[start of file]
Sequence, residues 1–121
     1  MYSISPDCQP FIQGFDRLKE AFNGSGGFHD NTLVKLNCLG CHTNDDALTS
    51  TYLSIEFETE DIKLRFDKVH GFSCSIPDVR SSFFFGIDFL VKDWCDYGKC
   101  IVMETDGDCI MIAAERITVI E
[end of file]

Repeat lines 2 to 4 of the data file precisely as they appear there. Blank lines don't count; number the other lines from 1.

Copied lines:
     1  MYSISPDCQP FIQGFDRLKE AFNGSGGFHD NTLVKLNCLG CHTNDDALTS
    51  TYLSIEFETE DIKLRFDKVH GFSCSIPDVR SSFFFGIDFL VKDWCDYGKC
   101  IVMETDGDCI MIAAERITVI E